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  Topic Review (Newest First)
05-15-2019 08:43 AM
kd7oir
Quote:
Originally Posted by dd543212345 View Post
Well in this particular case he was asking about a skid-plate specifically so I didn't even really consider any issues with abrasion. A gasket or seal of some sort wouldn't be a bad idea at all in your scenario. I'd just make sure you're using a quality rubber (probably epdm?) that's going to hold up. If not you could start to develop cracks on the top side of the gasket offering a path for water to pool up into. I'd probably utilize something that is nearly the same dimensions as my panel.
I was thinking something like neoprene rubber or even thin weather stripping. Or even some sort of gasket maker and I know how to keep it from sticking to the paint. I'll leave a small gap at the bottom just so if some moisture gets in it has a way to leave. I was asking because I've seen some body armor companies supply a gasket with their products.
Thanks for the response
Shawn
05-15-2019 08:40 AM
222Doc body armor i always silicon the upper and sides but leave the lower edge open. Though here in AZ rust is something that would take a life time to be an issue or maybe two. i use on the inside of the armor a rubberized under coating. would do the same with alloy.
05-14-2019 05:25 PM
dd543212345 Well in this particular case he was asking about a skid-plate specifically so I didn't even really consider any issues with abrasion. A gasket or seal of some sort wouldn't be a bad idea at all in your scenario. I'd just make sure you're using a quality rubber (probably epdm?) that's going to hold up. If not you could start to develop cracks on the top side of the gasket offering a path for water to pool up into. I'd probably utilize something that is nearly the same dimensions as my panel.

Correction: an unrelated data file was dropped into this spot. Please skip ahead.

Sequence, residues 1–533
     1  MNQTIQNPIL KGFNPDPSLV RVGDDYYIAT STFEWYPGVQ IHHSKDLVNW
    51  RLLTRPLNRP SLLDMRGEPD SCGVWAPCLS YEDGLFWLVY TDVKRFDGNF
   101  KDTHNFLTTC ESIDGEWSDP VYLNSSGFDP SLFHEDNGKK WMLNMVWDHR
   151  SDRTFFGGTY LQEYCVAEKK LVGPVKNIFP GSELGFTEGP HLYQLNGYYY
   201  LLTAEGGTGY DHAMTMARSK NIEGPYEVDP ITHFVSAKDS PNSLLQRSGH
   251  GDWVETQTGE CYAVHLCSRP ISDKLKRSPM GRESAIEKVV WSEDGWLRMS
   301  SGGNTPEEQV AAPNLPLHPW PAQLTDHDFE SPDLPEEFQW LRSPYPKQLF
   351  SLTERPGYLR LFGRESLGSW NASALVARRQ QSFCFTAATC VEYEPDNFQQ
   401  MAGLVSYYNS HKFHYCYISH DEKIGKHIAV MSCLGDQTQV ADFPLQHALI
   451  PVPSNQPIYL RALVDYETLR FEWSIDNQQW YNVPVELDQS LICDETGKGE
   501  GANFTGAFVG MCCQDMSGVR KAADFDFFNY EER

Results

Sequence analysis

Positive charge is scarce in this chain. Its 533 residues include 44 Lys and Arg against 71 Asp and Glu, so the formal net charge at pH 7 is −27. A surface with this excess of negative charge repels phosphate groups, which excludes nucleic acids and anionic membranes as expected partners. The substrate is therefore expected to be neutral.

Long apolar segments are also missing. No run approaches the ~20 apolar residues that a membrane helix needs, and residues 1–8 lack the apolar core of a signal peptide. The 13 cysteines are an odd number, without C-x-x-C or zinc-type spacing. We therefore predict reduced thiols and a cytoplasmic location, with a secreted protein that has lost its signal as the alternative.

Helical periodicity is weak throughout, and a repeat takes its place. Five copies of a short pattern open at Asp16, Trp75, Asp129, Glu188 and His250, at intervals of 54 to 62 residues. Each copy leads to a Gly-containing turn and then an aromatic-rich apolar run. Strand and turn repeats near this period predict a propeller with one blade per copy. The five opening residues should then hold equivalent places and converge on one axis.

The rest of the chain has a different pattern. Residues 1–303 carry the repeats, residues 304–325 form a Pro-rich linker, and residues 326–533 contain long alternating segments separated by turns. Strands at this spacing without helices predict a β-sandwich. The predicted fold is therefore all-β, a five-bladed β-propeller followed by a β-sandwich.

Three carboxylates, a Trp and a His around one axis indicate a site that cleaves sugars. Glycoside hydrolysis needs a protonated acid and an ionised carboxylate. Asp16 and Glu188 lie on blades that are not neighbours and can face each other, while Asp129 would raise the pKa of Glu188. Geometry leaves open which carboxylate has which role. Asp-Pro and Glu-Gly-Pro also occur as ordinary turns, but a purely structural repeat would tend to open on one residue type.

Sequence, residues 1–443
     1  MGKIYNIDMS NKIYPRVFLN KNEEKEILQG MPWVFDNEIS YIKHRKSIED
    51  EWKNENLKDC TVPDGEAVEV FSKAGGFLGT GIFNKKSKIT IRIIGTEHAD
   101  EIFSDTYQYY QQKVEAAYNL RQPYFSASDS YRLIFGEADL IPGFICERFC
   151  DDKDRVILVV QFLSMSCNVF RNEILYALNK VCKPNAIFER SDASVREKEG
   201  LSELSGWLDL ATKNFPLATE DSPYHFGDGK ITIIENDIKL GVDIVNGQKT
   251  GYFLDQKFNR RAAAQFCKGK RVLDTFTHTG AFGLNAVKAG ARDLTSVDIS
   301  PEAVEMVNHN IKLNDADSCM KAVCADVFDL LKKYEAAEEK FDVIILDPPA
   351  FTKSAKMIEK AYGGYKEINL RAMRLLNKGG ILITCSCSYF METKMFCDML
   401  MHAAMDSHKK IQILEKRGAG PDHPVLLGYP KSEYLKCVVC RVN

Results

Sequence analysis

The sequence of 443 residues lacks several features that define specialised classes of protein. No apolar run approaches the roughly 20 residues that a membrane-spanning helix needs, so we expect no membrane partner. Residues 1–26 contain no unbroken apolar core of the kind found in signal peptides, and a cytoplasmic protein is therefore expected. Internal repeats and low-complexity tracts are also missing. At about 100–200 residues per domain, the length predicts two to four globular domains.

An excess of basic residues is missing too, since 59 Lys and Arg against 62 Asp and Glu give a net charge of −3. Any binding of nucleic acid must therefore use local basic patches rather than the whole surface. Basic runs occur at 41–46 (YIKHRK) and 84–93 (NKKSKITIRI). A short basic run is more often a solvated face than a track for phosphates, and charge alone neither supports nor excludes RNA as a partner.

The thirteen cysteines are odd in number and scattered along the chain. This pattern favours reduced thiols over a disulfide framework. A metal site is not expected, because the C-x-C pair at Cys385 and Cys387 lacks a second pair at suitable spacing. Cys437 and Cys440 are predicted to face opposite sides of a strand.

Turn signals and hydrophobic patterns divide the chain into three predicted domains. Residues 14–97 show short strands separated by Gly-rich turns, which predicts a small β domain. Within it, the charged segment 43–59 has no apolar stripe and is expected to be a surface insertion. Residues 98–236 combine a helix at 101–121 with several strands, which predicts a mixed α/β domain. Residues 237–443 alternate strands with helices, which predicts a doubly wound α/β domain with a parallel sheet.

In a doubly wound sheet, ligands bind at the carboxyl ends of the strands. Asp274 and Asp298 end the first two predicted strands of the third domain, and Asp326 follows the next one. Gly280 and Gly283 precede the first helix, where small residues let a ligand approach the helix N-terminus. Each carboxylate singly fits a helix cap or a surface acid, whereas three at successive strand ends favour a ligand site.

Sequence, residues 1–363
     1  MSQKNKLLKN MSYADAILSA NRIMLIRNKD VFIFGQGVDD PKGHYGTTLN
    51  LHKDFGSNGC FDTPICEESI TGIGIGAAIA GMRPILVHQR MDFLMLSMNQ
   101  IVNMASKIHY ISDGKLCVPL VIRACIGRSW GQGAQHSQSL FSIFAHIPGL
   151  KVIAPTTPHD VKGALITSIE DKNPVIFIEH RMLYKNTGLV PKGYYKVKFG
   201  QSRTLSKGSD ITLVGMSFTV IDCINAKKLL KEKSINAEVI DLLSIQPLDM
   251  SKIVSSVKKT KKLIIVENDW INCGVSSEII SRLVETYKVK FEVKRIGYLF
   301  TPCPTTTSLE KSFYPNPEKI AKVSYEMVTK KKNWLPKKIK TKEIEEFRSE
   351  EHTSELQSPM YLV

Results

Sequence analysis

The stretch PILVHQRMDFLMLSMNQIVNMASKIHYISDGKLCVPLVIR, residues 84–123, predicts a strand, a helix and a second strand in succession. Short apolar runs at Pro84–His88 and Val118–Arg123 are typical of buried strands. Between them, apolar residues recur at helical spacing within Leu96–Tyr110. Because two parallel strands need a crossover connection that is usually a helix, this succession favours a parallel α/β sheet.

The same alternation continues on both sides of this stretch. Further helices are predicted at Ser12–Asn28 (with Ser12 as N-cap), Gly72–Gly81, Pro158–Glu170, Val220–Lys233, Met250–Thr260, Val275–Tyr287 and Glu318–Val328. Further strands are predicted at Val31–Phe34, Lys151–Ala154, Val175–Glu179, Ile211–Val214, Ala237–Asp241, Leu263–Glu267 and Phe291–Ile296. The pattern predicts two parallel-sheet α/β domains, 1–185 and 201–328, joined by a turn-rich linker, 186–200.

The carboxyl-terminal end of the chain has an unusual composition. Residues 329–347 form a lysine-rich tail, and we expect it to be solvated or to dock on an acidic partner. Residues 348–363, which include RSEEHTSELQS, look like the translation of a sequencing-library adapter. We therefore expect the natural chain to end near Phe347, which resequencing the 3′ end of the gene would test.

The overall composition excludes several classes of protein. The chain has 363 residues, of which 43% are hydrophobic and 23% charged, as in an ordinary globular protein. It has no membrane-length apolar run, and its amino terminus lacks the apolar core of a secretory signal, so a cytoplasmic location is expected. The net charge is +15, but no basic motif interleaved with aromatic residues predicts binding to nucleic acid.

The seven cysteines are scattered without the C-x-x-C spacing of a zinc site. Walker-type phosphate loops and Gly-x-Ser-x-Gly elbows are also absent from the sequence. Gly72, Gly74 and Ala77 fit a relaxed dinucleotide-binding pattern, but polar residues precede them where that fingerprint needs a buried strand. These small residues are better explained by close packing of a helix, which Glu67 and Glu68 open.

05-09-2019 09:36 PM
kd7oir I'm surprised nobody mentioned any sealer or gaskets to help keep out dirt that can remove coatings and leave a home for rust to start. Wouldn't something like seam sealer help with this problem too?
I ask because after I removed my rocker and corner guards I found that sand had gotten behind and scrubbed the paint away from several places. I was planning to use something like seam sealer to help prevent this and other problems like the OP was worried about. If it's not a good idea, please explain why.
Thanks
Shawn
04-29-2019 05:35 AM
JohnPouliot Thank-you
04-27-2019 08:23 AM
CJ7-Tim
Quote:
Originally Posted by JohnPouliot View Post
What about an Aluminum skid plate attached to steel parts (bumper etc.) ? How do I deal with the bolts?
As suggested in the previous posting, zinc chromate hardware, and anti-seize.



Snow melting road salt, ocean salt water, and trapped mud corrosion is what everyone needs to actually deal with. A coat of paint between dissimilar metals is all that is necessary, should galvanic corrosion actually be an issue worth worrying about.
04-27-2019 04:22 AM